the community beyond that was next to nil.
“They did very little outside of work, home and
occasionally going to church,” Reid offers. “I think
they had led a very active life and they just wanted
to be left alone.”
His favorite recollection of the Hilton sisters? Their
response to neighborhood children. “They didn’t really
like kids too much because they would stare,” Reid
chuckles. “Sometimes they would get right up next to
Daisy and Violet to try and see where they were
connected. Some even tried to look under their dress.
“I’d be in another part of the store but I could still
hear it – that slapping noise as Daisy or Violet would
pop some little boy on the head because he got too
close. You’d just hear that pop and some
kid would take off running.”
After a few months in the rundown trailer park off
Wilkinson Boulevard the two women grew weary of their
living situation. Reid approached his church about a
small home that was owned by Purcell United Methodist
– adjacent to the property. The sisters rented the
two-bedroom house immediately.
Despite the fact they moved away from Huffman’s mobile
home park, they had developed a fondness for the
restaurant Tanzy’s – just a few feet from their
trailer’s front door – and apparently had struck up
somewhat of a friendship with owner John Tanzy.
“It’s not at all surprising,” says Robert Tanzy, son
of the late owner. “My dad was just that kind of a
guy. He was pretty unusual himself and he liked to get
to know people.”
Robert Tanzy remembers Violet and Daisy in much the
same way as their other friends do – quiet and
amiable. “They usually ordered burgers or sandwiches,
and they always had one particular booth they liked to
sit in when it was available. It was the first booth
right beside the door.”
Moving into the small house on the corner of Weyland
and Greenland Avenue proved to be one of the Hilton’s
crowning moments while living in Charlotte. Reid
convinced his friend Archie Moore, who ran Clinton’s
Furniture in downtown Charlotte, to provide the
sisters with some donated furniture. Violet and Daisy
settled happily into their new digs along with a
mixed-breed lab and a pet bird.
Once the Hiltons were somewhat financially solvent
again, they never hesitated to share what they had
with those around them.
“It’s true,” recalls John Sills. “They were always
giving stuff away.” In an interview with the Charlotte
News in 1969, Sills elaborated. “Every Christmas they
would buy expensive gifts for some of the customers of
the store. Even this Christmas when they were sick,
they sent their presents to the store to be passed
out.”
According to Reid, the Hiltons had a stellar
attendance record at their job with Park ‘n Shop.
“They were very rarely sick and hardly ever missed
work,” he emphasizes. “So we were worried when they
were so sick they couldn’t come to work.
“Violet was the first to get sick,” Reid continues.
“Just as she started to get better, Daisy caught it.”
It was the Hong Kong flu – a
particularly nasty virus that could wreak havoc on a
body by inflaming all the internal organs. Although it
didn’t have a very high mortality rate and most people
who caught it recovered, individuals 60 and over were
at higher risk. Daisy and Violet were just about to
turn 61.
“We called just about every day to check on them,”
Reid recalls. “Sometimes when they didn’t want to be
bothered they wouldn’t answer the phone, but that
Saturday morning we tried calling every hour and
nobody answered the phone.
“I knew they hadn’t gone out of town or anything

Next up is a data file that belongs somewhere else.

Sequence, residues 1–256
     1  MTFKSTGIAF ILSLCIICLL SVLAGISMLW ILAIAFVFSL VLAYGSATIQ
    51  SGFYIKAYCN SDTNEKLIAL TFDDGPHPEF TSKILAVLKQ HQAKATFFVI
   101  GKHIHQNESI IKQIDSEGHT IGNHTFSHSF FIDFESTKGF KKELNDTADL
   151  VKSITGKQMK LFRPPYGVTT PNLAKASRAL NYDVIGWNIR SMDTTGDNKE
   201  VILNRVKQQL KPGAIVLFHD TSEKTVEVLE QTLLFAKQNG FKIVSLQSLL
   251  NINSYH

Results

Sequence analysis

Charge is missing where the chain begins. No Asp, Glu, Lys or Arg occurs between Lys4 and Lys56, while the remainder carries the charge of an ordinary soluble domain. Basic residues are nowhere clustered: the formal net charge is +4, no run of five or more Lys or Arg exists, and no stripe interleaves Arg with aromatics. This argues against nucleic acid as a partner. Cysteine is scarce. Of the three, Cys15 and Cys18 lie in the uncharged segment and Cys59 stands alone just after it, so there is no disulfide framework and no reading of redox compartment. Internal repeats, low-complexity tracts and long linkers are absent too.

because they didn’t know anybody to go visit, so we
decided to go over to the house and check on them.”
With the aid of Reverend Sills and the Charlotte
Police, Reid had the front door forced open. Inside,
lying on the furnace grate in the hallway, were Violet
and Daisy. In an apparent attempt to stay warm in the
final throws of the Hong Kong flu, the two had managed
to drag themselves over to the vent.
It was Saturday, January 4, 1969. Violet and Daisy
Hilton were dead at the age of 60.
Reid handled the details that followed. Hankins and
Whittington Funeral Home recovered the bodies – both
were buried in a single oversized casket in a plot
owned by Reid.
An attempt to find any survivors to claim the $1200 or
so they had left behind proved to be fruitless. After
the bills were paid Reid donated the remaining cash to
the Charlotte Mecklenburg school system.
Inside the house was very little – just the furniture
they had acquired since their arrival years earlier.
In one of the bedroom dressers Reid and Sills
discovered a handful of old photos from the Hilton’s
film and stage careers, as well as a few letters
detailing the difficulties they had experienced.
“From the letters, it seemed the sisters were
constantly being duped by managers who couldn’t find
jobs for them,” Sills said in the 1969 interview with
the Charlotte News. “They were always ending up in
hotels without any money in a strange town, with the
hotel manager growing more and more impatient.
“They weren’t exactly treated very well in the
entertainment business,” Sills says today. “That’s why
I think they were so happy here because they were able
to live quiet, normal lives, and people accepted them
the way they were.”



More info:
If you’d like to see the Hilton Sisters in
performance, order “Chained For Life” from Rhino Home
Video or Amazon.com. It’s a low budget, black and
white film-noirish b pic about conjoined twin sisters
in show business. One sister (Daisy) marries a cad and
the other (Violet) later offs him with his own pistol.
The story ends with the judge pondering their fate as
he realizes that if the guilty sister goes to prison,
so does the innocent one. Judging from this film, the
Hilton Sisters never really had an opportunity to
refine their acting skills, but they do some pretty
mean harmonizing on such musical ditties as “Don’t
Fall in Love” and the slightly surreal number “Love
Thief.”